LONDON • The biggest teams in Formula One face accusations that they are taking part in an "unlawful" cartel worth tens of millions of pounds, in a legal challenge that could change the face of the sport.
The charges have been brought by two of the smallest teams - Force India and Sauber - who risk the wrath of their more powerful rivals and F1's authorities by calling on the European Union (EU) competition commission to investigate.
The two teams filed a complaint in Brussels on Monday after months compiling a damning report accusing CVC Capital Partners, the private equity group that controls F1, of paying five teams - Red Bull, Mercedes, McLaren, Ferrari and Williams - more than £150 million (S$325 million) a year to buy their co-operation.
The teams have told the EU that Bernie Ecclestone's F1 group of companies, controlled by CVC, is abusing its dominant position in motor racing and has a responsibility not to distort competition.
It could be weeks before the EU decides whether to investigate, but the mood in Brussels is said to be for a clean-up of the sport after the scandals engulfing Fifa, football's world governing body.
The complaint comes in a period of unprecedented turmoil in F1, as teams argue vehemently over money and rules, which have created one of the most one-sided world championship seasons in history.
Mercedes lead the constructor standings with 506 points - 169 points ahead of second-placed Ferrari, while minnows Marussia are still to register their first point.
Renault, the French carmaker, stepped in on Monday to save the Lotus team from financial collapse.
Lotus were in the High Court threatened with administration over a tax bill of £2.7 million, but Renault says that it has signed a letter of intent to acquire a majority stake in the Enstone-based team.
It was a last-gasp move with money running out at Lotus, who would probably have joined the complaint to the EU but for their financial woes.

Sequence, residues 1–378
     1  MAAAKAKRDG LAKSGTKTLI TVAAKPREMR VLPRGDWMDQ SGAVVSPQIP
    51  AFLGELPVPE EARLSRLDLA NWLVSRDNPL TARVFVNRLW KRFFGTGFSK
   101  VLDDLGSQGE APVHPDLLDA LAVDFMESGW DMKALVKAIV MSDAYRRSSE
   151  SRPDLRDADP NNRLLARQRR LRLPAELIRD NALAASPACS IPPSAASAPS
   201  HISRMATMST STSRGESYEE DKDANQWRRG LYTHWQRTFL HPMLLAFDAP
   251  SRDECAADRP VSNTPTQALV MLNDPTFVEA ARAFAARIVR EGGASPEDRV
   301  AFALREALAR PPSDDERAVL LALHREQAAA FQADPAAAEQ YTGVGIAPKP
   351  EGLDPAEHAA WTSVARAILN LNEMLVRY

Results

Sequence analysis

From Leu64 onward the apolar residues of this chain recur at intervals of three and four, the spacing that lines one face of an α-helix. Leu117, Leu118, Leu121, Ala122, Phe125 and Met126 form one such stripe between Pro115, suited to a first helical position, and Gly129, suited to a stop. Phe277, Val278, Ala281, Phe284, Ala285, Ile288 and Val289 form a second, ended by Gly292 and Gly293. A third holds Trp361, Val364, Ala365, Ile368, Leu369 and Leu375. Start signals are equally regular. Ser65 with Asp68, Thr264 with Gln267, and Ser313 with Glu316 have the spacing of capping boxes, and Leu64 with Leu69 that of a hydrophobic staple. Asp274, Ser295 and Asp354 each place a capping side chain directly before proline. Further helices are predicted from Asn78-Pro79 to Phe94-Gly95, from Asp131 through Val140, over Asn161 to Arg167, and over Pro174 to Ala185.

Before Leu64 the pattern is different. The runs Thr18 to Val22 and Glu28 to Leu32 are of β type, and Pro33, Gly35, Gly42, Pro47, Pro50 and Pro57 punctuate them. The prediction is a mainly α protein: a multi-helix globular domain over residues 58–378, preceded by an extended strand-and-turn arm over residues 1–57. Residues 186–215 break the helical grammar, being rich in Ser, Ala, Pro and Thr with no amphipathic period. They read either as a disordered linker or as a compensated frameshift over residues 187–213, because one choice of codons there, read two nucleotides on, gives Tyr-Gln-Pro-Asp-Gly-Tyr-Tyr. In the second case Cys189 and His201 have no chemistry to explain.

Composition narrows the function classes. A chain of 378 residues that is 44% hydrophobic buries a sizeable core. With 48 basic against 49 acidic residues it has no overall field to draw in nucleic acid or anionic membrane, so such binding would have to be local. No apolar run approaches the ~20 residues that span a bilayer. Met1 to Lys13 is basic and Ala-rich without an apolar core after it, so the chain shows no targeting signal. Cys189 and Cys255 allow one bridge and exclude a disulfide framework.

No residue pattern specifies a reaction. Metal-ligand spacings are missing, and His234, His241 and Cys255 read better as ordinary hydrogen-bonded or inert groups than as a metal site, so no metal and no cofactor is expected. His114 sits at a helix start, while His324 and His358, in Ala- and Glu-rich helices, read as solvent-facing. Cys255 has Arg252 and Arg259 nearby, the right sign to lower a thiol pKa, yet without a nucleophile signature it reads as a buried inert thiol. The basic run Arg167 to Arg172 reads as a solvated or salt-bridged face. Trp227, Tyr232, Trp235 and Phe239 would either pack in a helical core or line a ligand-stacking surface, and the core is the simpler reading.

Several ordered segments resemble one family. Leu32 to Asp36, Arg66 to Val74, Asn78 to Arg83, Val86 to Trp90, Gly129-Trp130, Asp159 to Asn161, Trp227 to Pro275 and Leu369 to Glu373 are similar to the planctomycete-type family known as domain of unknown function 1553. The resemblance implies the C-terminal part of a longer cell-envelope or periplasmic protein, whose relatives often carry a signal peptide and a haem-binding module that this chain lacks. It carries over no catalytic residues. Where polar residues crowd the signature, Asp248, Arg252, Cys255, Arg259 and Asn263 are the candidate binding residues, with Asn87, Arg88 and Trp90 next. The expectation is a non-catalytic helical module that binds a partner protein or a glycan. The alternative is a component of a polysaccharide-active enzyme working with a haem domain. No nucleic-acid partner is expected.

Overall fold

An EU investigation could have a seismic effect. One source said that Ecclestone may decide to put the £155 million of special payments to the five aside until the outcome is known.
Already, Ferrari faces the disruption of its planned stock market flotation in New York, because so much of its history is tied to the performance of its F1 team.
The Scuderia were paid more than £102 million last year - £29.3 million more than champions Mercedes. That included a £60 million premium payment on top of the scheduled prize money.
In total, CVC lavished £365 million on the five teams last year from a total prize fund of £538 million.
It is not just the money that concerns Force India and Sauber, but also the privileged position of the five teams, who sit on the rule-making F1 Strategy Group, alongside Ecclestone and Jean Todt, president of the International Automobile Federation.
"These teams can, therefore, steer the rules and technological developments to their own advantage, further entrenching their sporting chances, and undermining equality between the teams," a statement from Sauber and Force India said. "By locking in a permanent advantage for a select few teams, the sport has been gravely undermined."
THE TIMES, LONDON